Price: £50Model tested: Universal (7-10 inches)Rating: 4.0
Another heavy-duty device is the Nextbase UniMount. Made by dash cam specialist Nextbase, the UniMount is the second holder in our test that is crash-test certified under the EU ECE R17 standards. It’s slightly easier to install than its rival from Brodit and, crucially, is nearly £40 cheaper, too.
However, there is no manouverability for the tablet, and the holder has no padding to protect the device. We liked how well it scored in our bounce tests: the secure fitting meant that speed bumps won’t affect the screen. Despite its size, our test tablets could still be charged while clipped in place as well.
Arkon Heavy-Duty Tablet Headrest Mount
Price: £57.96Model tested: Universal (8.9-18.4 inches)Rating: 3.0
While rival products from Nextbase and Brodit have been crash-test certified, this expensive unit from Arkon hasn’t. Yet it still requires a hex key to install, which takes time. Still, we were very impressed with the Arkon’s manouverability: we could position the mount directly in front of us, or extend it close to the centre of the car. The whole unit also feels like a quality item, with sturdy, hard plastics and a heavy weight to the mount.
The Heavy-Duty uses the same padded tablet holder as the brand’s Central Headrest Mount, so it spins through 360 degrees and can be turned to the left or right for an improved viewing angle.
Arkon MyTablet Headrest Mount
Price: £29.99Model tested: Universal (7-12 inches)Rating: 3.0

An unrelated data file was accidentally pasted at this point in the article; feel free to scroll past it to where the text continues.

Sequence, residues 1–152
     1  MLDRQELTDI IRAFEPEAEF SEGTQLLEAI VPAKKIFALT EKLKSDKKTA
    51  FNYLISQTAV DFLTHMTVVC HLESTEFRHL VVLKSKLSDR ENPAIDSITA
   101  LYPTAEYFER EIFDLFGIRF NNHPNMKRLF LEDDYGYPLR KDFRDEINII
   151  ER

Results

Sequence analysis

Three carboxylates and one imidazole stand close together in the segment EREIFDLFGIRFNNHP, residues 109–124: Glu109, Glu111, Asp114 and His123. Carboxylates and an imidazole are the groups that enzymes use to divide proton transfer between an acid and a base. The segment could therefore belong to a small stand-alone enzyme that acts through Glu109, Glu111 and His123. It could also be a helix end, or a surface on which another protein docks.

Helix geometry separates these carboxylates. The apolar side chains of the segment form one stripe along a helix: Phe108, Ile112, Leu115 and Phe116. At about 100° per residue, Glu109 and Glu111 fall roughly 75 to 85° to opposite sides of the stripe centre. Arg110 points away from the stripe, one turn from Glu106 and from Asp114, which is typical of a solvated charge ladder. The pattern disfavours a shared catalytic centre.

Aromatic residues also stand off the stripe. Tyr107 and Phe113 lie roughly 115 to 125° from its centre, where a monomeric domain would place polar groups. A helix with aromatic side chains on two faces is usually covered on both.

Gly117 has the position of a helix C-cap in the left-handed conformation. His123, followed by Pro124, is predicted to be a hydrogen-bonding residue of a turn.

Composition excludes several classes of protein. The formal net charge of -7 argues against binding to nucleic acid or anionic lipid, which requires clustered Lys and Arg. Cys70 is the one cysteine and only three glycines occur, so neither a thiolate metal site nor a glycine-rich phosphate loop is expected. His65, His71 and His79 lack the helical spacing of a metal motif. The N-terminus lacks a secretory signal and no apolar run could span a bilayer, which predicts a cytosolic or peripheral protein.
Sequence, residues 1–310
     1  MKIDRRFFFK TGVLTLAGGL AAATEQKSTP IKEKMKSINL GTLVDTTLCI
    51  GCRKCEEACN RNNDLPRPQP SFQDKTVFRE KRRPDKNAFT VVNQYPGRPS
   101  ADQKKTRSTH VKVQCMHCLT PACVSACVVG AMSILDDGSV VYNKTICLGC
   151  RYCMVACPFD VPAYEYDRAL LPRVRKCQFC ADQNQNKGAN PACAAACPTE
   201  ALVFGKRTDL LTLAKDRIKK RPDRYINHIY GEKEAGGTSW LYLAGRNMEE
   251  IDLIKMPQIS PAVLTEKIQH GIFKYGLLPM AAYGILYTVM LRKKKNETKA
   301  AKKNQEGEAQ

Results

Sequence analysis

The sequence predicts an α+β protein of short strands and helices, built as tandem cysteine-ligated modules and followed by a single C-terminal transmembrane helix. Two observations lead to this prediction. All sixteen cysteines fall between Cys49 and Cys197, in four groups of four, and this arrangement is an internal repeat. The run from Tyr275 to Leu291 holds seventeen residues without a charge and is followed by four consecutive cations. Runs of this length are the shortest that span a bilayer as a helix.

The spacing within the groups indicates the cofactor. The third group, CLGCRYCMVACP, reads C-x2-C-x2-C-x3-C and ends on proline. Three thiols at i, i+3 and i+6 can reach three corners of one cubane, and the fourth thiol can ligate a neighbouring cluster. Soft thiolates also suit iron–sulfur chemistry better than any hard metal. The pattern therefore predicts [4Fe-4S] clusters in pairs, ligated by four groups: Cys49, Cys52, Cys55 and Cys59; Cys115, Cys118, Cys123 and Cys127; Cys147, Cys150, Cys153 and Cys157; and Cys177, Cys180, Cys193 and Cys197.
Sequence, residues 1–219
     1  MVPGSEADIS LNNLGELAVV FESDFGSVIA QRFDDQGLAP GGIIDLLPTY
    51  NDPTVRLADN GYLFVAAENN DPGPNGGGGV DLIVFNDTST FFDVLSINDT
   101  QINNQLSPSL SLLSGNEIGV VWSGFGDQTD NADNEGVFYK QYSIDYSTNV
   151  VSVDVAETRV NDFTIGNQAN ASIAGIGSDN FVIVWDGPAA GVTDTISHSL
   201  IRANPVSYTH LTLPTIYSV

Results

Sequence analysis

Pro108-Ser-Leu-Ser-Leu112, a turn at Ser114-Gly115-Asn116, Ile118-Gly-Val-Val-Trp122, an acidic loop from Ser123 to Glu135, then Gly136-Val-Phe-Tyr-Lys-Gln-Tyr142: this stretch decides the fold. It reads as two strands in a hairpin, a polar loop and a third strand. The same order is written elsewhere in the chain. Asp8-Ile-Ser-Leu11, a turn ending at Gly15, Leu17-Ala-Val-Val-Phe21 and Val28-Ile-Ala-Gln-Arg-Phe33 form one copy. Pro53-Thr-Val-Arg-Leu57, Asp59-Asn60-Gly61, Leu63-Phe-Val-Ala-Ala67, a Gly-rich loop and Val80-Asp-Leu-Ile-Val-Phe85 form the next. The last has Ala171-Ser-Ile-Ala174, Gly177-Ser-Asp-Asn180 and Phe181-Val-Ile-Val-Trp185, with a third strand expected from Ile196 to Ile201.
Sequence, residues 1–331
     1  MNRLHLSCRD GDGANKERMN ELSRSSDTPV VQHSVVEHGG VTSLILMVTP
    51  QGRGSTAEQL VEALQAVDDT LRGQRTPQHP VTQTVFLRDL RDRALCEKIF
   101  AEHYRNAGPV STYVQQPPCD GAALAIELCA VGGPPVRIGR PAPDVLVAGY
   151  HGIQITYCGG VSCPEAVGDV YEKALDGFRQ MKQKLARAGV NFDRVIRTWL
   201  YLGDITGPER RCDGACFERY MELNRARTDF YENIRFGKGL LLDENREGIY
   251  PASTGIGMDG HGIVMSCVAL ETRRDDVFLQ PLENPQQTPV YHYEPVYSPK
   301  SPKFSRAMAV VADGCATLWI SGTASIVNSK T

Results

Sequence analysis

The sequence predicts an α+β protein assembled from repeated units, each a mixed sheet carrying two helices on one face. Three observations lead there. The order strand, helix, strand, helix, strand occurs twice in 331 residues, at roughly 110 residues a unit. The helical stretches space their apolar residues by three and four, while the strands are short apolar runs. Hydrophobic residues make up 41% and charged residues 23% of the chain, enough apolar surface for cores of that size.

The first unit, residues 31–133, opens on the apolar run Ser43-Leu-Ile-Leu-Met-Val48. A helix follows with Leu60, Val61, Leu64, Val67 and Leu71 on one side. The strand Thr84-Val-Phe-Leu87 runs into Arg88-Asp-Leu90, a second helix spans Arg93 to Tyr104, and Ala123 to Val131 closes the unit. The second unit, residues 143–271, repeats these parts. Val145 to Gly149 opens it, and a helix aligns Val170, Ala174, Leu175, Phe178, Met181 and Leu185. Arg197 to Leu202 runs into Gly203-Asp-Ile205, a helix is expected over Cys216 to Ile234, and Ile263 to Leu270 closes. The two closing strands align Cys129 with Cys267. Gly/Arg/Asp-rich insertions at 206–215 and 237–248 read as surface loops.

MyTablet is the cheapest of the three Arkon products on test, and uses the same mechanism to hold the device that’s found in its two sister products. This gives the MyTablet great versatility, and we liked that we could spin the screen in any direction we wanted.
The holder is attached to the headrest via two hooks that are screwed into place. Although this makes it easy to remove, the fixing wasn’t as secure as the other two products from Arkon, making it wobbly on the move. While it is cheaper than our test winner, we’d pay the extra to get more versatility.
Olixar Universal Headrest Tablet Mount
Price: £19.99Model tested: Universal (7-11 inches)Rating: 3.0
The Universal mount from Olixar was one of the lighter units we tested. It was easy to install, thanks to the simple hook mechanism. The tablet-holding arm spins through 360 degrees and could be tilted left or right to increase visibility. It also featured soft padding on the mechanism that secures the tablet.
However, the build quality could be better, because we noticed some glue stains next to the soft padding. Due to the Universal’s lightweight build, heavier tablets tended to bounce a lot when going over bumps, and the screen grip wasn’t as good as rivals’.
Price: £23.86Model tested: Universal (7-10 inch)Rating: 3.0
Targus had by far the most interesting design of the mounts on test. To grab the tablet, it uses a plastic unit that is connected to metal wires. To attach the tablet securely to the holder, you spin a knob that tightens the wires until the device is held tightly.
There is a strap with a plastic clip to attach the holder and the tablet to the back of the headrest. This made the Targus the quickest of the mounts we tested to remove when on the go. However, there is no way of adjusting the viewing angle, and the holder wobbled when going over bumps.